Seattle, WA (TFC) – It’s being referred to as the “paddle in Seattle,” in reference to the 1999 WTO protests. It’s gained almost immediate mainstream news coverage. What began as kayak flotillas around Shell’s Polar Pioneer exploratory oil drilling platform have now converged into occupations of the Port of Seattle’s terminal 5, which was recently leased out as a base of operations for the drilling fleet. Do these protests have what it takes to actually change anything?
I decided to join the latest protest, aimed at terminal 5, to see first hand how much steam this movement had. Just the comparison to the Battle in Seattle merited a visit – I mean shit, that had like 40,000 people, black blocs, and a heavy emphasis on molotovs. Unsurprisingly, there was a small legion of law enforcement, many equipped with bulletproof vests and all armed with matching Volcanic bikes. They’d obviously made the same connection I had, and came amply prepared for a small scale riot.
Marching down the main road, I was surprised by the attendance. Looking behind me on the turnpike we’d occupied, matching flags and banners stretched back as far as I could see. The police seemed to herd us along, blocking traffic well ahead of us and preventing us from breaking off from the march’s main direction. It became clear pretty quickly that they were going to establish the exact parameters of this protest. Given this behavior, it was difficult to establish exactly how much we had “shut down” – any area we potentially blocked was cordoned off three blocks back by the police and routed through detours. A safe comparison in terms of disruption would probably be some light road work.
The crowd was a spectrum of groups, the common thread being an established interest in preventing an ecological disaster from being subsidized and supported by the state in exchange for short term financial gains. The communists were there. So were some singing activist grannies. There were several groups giving out prepared food and drinks, a wide array of musical performances, and kids of many ages getting sunblock applied by their parents. A giant colorful parachute was present. Frankly, it had kind of a party vibe.
The true conductors of the experience, the Seattle police, put up the same net of control that the region has become used to. At the kayak flotillas, anyone too close would be dragged into a police boat – protesters concluded “ehh, 100 feet is pretty close to an oil rig any way.” Monday, surrounded from all sides by a gang in black and white, we were restricted to exclusively non-productive protest, the most superficial of all protests. Its existence isn’t truly to disrupt, but to “inspire conversation,” and maybe get some good press for the councilmembers who show up and march right there with us after handing us their re-election flyer. I’m not saying we should’ve burned the oil rig down, but was this message really amplified by the dance party?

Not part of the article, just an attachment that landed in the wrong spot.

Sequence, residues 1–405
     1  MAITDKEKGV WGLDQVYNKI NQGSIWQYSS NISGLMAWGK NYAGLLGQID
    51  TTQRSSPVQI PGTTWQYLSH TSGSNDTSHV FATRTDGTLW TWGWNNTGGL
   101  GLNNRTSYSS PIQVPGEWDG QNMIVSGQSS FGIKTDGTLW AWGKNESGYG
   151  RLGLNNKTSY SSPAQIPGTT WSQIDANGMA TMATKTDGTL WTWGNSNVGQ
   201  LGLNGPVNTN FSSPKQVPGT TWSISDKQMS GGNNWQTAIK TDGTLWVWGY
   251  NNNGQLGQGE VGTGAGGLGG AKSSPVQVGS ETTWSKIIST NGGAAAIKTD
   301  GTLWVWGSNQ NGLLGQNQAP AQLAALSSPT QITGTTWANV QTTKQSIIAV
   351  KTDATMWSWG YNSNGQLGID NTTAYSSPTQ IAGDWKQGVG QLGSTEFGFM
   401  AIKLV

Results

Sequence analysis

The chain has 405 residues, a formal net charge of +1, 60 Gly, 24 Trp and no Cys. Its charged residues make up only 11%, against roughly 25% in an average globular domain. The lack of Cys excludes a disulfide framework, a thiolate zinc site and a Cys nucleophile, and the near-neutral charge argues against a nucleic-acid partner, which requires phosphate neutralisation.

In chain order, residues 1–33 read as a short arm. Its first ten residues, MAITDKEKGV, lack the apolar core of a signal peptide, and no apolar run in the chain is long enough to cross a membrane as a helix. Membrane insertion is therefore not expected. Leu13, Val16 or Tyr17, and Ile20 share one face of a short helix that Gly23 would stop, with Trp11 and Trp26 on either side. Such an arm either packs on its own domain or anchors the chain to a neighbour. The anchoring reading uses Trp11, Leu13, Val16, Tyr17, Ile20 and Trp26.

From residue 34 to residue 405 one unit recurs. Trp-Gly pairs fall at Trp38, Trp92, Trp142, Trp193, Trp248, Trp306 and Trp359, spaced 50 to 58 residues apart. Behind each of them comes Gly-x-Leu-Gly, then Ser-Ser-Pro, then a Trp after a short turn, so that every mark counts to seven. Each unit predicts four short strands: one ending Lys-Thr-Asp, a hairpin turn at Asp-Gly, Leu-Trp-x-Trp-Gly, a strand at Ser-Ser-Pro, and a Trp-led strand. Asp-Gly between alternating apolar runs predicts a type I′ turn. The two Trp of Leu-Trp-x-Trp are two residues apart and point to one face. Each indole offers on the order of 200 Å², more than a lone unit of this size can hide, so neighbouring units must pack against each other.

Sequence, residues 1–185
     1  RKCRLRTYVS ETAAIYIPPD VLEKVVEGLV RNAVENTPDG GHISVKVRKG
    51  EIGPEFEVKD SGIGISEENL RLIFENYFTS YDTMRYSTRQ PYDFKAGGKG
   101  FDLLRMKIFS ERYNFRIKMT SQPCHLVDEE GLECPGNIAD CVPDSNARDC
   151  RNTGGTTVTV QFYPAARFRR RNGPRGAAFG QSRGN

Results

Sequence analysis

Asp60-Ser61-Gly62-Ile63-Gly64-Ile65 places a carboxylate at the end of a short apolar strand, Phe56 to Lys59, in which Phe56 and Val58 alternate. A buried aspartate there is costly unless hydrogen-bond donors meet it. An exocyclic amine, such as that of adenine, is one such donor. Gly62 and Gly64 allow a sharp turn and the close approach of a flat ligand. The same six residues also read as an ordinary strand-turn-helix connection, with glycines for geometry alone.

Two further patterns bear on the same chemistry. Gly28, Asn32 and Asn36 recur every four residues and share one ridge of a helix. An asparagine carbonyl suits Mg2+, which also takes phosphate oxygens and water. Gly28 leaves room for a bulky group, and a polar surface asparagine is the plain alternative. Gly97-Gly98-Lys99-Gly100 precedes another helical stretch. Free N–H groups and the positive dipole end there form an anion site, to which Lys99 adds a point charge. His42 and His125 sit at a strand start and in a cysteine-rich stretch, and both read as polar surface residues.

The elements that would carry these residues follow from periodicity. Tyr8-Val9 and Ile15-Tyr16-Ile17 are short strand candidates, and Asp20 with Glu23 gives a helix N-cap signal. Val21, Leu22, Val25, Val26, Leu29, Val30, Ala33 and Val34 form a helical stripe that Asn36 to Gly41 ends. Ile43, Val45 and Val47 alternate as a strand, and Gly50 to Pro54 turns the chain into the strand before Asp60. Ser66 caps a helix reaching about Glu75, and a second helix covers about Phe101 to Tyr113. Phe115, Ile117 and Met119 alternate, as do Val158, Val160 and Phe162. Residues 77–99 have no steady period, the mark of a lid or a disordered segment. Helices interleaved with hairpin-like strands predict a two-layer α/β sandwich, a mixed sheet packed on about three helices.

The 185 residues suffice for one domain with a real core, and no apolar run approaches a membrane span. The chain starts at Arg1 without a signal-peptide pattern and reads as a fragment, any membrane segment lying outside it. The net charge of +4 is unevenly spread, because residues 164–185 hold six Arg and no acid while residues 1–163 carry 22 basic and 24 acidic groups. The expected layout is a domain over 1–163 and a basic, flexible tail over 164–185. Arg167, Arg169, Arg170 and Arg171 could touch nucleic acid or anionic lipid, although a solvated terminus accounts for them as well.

Maybe the strongarm law enforcement presence is just a department whose relevance and necessity has been sharply declining for the last 10 years, struggling to demonstrate their functionality in a growing culture of contempt for the police. It obviously was a light day for crime, given that at least a quarter of the entire SPD’s 1,300 officers were present.
I’m excited that people are getting out and doing some direct action when they bear witness to what they consider an impermissible assault on our ecological systems, but at the same time there’s this deep concern that a superficial protest can only accomplish superficial change. What’s our legitimate next step, besides closing off a gate for a day? Electing someone into office who hates oil rigs? Banning oil drilling in the arctic? Some elements of the group blamed Shell. Others blamed all capitalism. A few consider that, of the five commissioners who decided to lease out terminal 5 to Foss Maritime, three have taken in thousands towards campaign contributions from the oil industry and another is just the previous governor’s daughter who literally passed a resolution to increase her own salary as commissioner from $6,000 to more than $42,000 the day she was put in office.
Going down this line of clean-handed protest, I realistically see our best case scenario as being the election of some perfectly ethical, reasonable politician (it’s so simple!) and turning the 5-0 pass vote into a 4-1 pass vote. If the direct purpose of these protests is to disrupt this drilling plan, it needs to be directly disrupted. If the direct purpose of these protests is to get people talking about solving this issue, then the ideal outcome could only be people talking about solving the issue. This movement can be an engine of change. It has the vitality, it has the purpose, and it’s on the world stage. But without clearly defining where this problem was created and how to pragmatically confront it, we’re all just gonna be left dancing to arctic conservation rap artists, talking about changing the world.